The Nevada Triangle: Have You Experienced It?

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posted on Aug, 30 2012 @ 01:13 AM
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Being in the service, I have flown all sorts of paths through Nevada. Collectively, it has just about every geographic feature that is possible, and all in one state. Deserts, Mountains, Canyons. It is no doubt that there have been a great deal of aviation mishaps in this state, due to such geography.

Having a private pilots licence from a state like Massachusetts, and then using it in Nevada is well..... certainly not the same experience, and perhaps there should be local certification required for such a diverse environment. IMHO.




posted on Aug, 30 2012 @ 01:20 AM
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I have flown from vegas to Reno more than a few times, let me say i expect a little "extreme" turbulence on every trip. The area is pretty amazing, the sierra Nevada Mountain range just "pops" straight up and out of the desert floor and goes in what looks like a straight line for hundreds and hundreds of miles. There are also plenty of standalone mountains that seem to just "pop" out the desert floor, i would guess the right conditions to be considered bad flying weather are constantly met in that area.



posted on Aug, 30 2012 @ 12:18 PM
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I grew up in NV and have driven and flown through all parts of this state. Even been to Area 51 a few times, and have never heard of a "Nevada Triangle" or experienced anything even similar to what's described.


I'll definitely look into it though, sounds interesting.



posted on Aug, 30 2012 @ 01:09 PM
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reply to post by smyleegrl
 


I have personally experienced an information and GPS blackout, just outside of Area-51 on Highway 375. It was pretty cool and a little eerie since it was night, rainy and we'd never been there before. We came up over the hill just before Groom Lake Road, headed northwest. The GPS in truck dash went black, our phones lost signal and when everything came back about 30 seconds later, the electronic compass in the truck dash was spinning for a while. Fluke? Who knows? Trippy though. I’d have to say that any real navigational hazards due to natural science, geography or "paranormal activity" would probably discourage the placement of the nation's most advanced and exclusive aircraft testing facility from existing there. I mean we're good...But not THAT good. Something fun to consider would be that it IS a "Triangle" of crazy physics and that we use that fact like a stellar nebula hides an advance civilization from our prying eyes as we scan to find other habitable planets to exploit. This "Triangle" hides our tech and our tech is SO advanced that it can work around it. Hahahaha. One more level of mischievousness - That bizarre energy occurring in the area SUPPORTS the high tech projects and they use it as a "lightning rod" of energy with which to power their experiments! Wow....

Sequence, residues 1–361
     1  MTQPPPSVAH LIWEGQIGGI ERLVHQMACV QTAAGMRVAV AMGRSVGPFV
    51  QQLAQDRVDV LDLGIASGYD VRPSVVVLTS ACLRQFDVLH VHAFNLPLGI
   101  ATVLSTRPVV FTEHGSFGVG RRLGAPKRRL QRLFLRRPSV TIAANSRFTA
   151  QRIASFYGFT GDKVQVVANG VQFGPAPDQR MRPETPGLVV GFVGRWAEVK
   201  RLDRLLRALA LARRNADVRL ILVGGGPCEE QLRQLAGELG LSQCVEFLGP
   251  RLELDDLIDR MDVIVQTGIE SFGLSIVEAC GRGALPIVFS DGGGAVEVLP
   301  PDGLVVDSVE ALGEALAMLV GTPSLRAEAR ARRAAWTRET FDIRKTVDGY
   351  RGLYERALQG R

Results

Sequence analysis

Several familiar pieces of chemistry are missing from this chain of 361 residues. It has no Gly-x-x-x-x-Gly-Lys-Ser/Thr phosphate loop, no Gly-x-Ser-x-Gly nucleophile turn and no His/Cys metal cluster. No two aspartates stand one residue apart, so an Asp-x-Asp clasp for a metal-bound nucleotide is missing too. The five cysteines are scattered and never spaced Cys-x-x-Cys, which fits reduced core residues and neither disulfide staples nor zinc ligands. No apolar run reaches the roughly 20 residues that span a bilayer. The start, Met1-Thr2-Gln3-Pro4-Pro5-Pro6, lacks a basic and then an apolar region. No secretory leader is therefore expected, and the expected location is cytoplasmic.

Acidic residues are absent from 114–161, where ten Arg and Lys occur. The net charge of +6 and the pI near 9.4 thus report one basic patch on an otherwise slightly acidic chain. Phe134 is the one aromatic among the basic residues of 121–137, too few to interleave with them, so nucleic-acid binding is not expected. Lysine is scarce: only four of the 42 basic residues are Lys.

posted on Sep, 5 2012 @ 03:55 PM
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reply to post by smyleegrl
 


Hi Smyleegrl, I'm reporting back from our trip to the area. We spent most of our weekend in the upper corner of the triangle on the California side, high in the Sierra mountain range.

Sorry to say that none of the locals had any Nevada-triangle-related stories, but I agree with the other posters here who described the area as being prone to wind shears and other natural phenomena. The juxtaposition of high and low altitudes (I drove from 3K feet elevation to 7K feet elevation in 30 minutes) makes the wind do strange things. During a two-hour period almost every afternoon, the wind blew so strongly that we had to secure everything outside from blowing away. It even hurled a ceramic coffee cup across the yard. And, then it died down to almost nothing.

I took a long hike around some mountain lakes that were eerily, oppressively silent. When people talk about having the feeling that they're being watched when they're out in the middle of nowhere, I now know what they mean. It was probably just bears, but it was unsettling.

The other thing that I noticed is that the ground is quite full of mineral deposits. Does anyone know the possible impacts that large amounts of minerals might have on the magnetic fields in the area?

I'll continue to keep my eyes open for more information about the triangle. The one in Alaska is interesting, too.





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